While the effects of the Affordable Care Act (ACA) on employers are well documented, the intricate relationship between the ACA and the Family and Medical Leave Act (FMLA) has received less attention.
Affordable Care Act
Offering employee benefits can help employers demonstrate their commitment to their workforce, attract new employees, retain top performers, and remain competitive in the marketplace.
American founding father, Benjamin Franklin, had some timeless advice for people facing big deadlines: “You may delay, but time will not.” Fast forward from the 18th century to the present and his words still ring true – especially if you are an employer who is coming face-to-face with Affordable Care Act (ACA) Annual Reporting Requirements.
The ACA has added new IRS employer reporting requirements. These new IRS forms are Forms 1094-C and the 1095-C. Correctly completing these new IRS forms is mandatory under the ACA and will allow your business to continue operating without unnecessary loss due to fines and penalties.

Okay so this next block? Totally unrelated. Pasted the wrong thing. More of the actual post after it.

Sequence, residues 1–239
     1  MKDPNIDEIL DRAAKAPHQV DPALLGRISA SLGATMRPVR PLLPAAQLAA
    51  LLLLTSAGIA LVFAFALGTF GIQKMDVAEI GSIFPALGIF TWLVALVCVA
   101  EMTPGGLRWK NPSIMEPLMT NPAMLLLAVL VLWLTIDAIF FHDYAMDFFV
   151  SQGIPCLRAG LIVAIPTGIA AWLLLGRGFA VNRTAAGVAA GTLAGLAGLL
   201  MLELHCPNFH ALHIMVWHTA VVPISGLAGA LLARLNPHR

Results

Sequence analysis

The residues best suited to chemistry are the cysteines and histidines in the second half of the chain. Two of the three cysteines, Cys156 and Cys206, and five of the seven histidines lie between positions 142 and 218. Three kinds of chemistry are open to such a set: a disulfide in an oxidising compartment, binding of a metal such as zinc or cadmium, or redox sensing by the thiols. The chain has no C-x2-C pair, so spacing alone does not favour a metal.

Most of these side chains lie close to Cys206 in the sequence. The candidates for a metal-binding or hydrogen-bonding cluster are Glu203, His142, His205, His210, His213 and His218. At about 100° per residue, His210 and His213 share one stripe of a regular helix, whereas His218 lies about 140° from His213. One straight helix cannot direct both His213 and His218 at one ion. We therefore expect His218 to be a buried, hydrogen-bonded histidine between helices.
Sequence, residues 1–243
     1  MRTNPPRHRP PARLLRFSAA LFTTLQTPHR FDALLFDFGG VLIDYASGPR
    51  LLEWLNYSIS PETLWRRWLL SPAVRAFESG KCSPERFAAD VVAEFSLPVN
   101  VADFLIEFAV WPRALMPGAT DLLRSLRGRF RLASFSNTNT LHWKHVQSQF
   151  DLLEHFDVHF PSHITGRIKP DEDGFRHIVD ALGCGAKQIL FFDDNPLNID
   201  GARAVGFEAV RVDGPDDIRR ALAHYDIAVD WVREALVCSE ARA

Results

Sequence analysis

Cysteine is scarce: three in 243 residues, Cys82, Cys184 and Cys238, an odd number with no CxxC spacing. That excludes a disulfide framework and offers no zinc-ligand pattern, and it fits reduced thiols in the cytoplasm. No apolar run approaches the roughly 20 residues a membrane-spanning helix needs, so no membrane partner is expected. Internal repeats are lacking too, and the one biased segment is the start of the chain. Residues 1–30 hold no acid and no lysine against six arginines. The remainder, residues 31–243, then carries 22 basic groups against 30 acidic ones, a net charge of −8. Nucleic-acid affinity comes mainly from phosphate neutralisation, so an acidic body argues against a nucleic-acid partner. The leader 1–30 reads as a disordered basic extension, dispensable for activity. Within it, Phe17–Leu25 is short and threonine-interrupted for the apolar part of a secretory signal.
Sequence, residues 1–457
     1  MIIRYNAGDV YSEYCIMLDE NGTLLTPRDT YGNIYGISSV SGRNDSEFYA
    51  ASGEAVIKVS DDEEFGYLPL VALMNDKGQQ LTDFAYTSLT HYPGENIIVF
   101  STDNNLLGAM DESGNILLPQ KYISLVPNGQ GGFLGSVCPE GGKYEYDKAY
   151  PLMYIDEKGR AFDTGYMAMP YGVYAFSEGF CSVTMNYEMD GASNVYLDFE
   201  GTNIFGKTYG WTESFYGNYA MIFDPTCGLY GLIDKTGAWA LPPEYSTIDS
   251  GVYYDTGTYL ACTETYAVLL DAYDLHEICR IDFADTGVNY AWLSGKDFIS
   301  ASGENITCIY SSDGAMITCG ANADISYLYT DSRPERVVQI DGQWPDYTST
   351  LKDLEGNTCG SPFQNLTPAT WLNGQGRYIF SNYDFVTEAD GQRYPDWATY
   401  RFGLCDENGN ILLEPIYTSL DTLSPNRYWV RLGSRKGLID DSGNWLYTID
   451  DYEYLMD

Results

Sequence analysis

The Affordable Care Act (ACA) is broad and dense. Few people have read it in its entirety, and fewer still have the expertise to understand all its elements. Much of the law has to do with new requirements for employers, including additional administrative burdens required for compliance.
If your business or your job is impacted by the Affordable Care Act (ACA), chances are you have many questions if not concerns. To help you and other employers navigate ACA compliance, ADP has released a new guide that sheds light on the employer mandate and potential financial risks for non-compliance.
When it comes to understanding the Affordable Care Act (ACA) and how it affects their companies, owners of midsized businesses have been in triage mode. They’re beginning to manage the complexities of the ACA and the cost of health care and other benefits, as our2014 Midsized Business Owners Study found, but their understanding and confidence are still low.